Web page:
In This Article Expand or collapse the "in this article" section Fetuses and Embryos

  • Introduction

Childhood Studies Fetuses and Embryos
Jean Reith Schroedel, Erin E. Brooks
  • LAST REVIEWED: 28 April 2017
  • LAST MODIFIED: 27 March 2014
  • DOI: 10.1093/obo/9780199791231-0107


In the non-medical/scientific publications, the human organism prior to birth generally is referred to as a fetus, but it is important to recognize that technically the term “fetus” actually only refers to the human organism from roughly the tenth week of gestation onward. Prior to that gestational age, terms, such embryo and zygote, are technically correct. However, in this article we will follow the convention of using fetus as an all-compassing term referring to the human organism at all stages of gestation. There are many possible avenues for the research that seeks to study the fetus. Beyond the foundational medical and technological developments, the researcher can explore many of the social, legal, and ethical questions surrounding the place of the fetus in modern society. With the advances in reproductive technology, what is the place of the physically or intellectually disabled fetus in society? Quality of life assessments and genetic counseling can help to inform the parents of their options under such circumstances, but the decision to keep or abort the fetus remains theirs alone to make. How does one define the beginning of personhood? At what point––fertilization, conception, some point during the pregnancy (such as viability) or birth––does the fetus take on personhood? Scholars, trained in medical ethics, religious thought, and philosophy, have engaged in extensive debates over this issue, but without reaching a consensus. One of the most perplexing questions is the relationship between the fetus and the woman. What is the woman’s responsibility to the fetus? How can women preserve their independence and autonomy? Legal commentaries are extensive on such questions. How can the state balance its requirements to protect the autonomy and equality of the woman with its interests in protecting future and potential life? Other researchers examine the influence of the fetus on modern culture, particularly the influence of the sonogram and fetal imagery on societal perceptions of the fetus in the womb. Although the issues of abortion and stem cell research have tended to dominate public discourse, there are other important legal and policy concerns. These include issues such as prenatal substance abuse, disability rights, and sex-selective abortion. The final section of this bibliography provides a list of a number of abortion/women’s rights–related protest and advocacy organizations. A number of them produce original research and policy analysis. Others emphasize public education and public protest. Many are involved in the electoral, legislative, and judicial processes. As will be evident in the entries that follow, medical and technological advances have reopened questions as to the meaning of embryonic and fetal life and its relationship to childhood.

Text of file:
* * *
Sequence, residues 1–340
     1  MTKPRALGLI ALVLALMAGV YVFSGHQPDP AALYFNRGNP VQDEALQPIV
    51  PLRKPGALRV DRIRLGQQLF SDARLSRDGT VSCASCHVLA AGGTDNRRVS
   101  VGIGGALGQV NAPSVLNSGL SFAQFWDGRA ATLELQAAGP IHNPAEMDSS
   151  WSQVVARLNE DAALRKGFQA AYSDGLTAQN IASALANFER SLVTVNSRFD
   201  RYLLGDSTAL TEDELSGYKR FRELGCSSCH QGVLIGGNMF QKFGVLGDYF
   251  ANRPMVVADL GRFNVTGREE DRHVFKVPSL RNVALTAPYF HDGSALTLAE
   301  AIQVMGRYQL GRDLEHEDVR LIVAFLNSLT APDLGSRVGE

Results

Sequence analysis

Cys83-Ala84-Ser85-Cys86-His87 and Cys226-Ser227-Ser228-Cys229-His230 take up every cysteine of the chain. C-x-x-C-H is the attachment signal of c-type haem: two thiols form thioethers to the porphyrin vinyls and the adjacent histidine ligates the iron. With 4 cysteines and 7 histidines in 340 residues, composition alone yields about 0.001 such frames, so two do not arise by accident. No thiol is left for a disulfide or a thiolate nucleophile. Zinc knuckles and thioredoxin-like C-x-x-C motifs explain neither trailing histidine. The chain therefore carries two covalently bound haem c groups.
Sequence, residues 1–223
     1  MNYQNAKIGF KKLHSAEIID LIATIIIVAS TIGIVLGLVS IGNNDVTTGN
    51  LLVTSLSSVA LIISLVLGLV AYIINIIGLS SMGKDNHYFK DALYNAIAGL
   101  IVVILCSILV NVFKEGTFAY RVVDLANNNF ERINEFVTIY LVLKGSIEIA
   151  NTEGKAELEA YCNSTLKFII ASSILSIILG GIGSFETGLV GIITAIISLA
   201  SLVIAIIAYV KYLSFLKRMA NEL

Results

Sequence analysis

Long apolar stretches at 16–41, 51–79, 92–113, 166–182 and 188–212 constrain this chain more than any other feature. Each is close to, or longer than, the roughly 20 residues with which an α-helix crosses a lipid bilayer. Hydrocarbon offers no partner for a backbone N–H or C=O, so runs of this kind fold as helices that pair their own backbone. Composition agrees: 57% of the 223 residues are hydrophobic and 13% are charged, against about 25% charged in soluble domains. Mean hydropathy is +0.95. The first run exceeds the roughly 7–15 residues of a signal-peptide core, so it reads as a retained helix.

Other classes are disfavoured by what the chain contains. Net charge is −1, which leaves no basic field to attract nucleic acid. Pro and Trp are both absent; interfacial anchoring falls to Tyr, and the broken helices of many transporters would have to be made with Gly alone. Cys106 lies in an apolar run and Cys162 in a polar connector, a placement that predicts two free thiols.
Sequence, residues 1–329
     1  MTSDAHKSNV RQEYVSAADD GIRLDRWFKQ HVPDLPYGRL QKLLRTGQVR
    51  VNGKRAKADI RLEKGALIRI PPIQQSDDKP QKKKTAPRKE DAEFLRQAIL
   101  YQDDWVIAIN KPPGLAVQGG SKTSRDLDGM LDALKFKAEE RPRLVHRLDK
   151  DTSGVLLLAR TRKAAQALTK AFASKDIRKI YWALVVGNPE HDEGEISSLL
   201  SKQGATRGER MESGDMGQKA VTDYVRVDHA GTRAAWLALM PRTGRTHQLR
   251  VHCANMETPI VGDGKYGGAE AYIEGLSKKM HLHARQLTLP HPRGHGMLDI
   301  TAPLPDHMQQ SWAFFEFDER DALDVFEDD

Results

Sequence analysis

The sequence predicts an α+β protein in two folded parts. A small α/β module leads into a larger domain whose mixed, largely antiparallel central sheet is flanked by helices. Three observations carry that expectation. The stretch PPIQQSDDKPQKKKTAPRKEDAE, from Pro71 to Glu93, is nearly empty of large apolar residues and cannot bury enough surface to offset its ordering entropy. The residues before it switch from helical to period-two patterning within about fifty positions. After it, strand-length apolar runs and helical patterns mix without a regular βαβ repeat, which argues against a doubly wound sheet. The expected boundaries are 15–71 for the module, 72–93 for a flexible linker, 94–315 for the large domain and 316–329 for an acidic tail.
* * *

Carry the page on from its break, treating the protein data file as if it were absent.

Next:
Medical and Scientific

A good place to start is with an understanding of the biological development of the human organism prior to birth. There are a number of medical text and reference books that provide a detailed description of the growth and development process. These books range from a general coverage of the topic to specific elements of development and care. There also are a number of journals that cover areas of interest in obstetrics. Some of the newest topics in obstetric medicine include prenatal and genetic testing and the adverse effects of drug interactions. Many recent studies are focused on devising new, non-invasive tests to check the fetus for genetic disorders. Current tests, such as amniocentesis, are invasive and carry a number of risks for both the fetus and woman. In connection with this is the expanding field of testing for genetic disorders. These medical journals are full of articles that address testing for specific disorders. For the sake of broad coverage, this list includes articles with more general discussion. While these sources provide a good starting point, it should also be noted that medical science is a rapidly evolving field.

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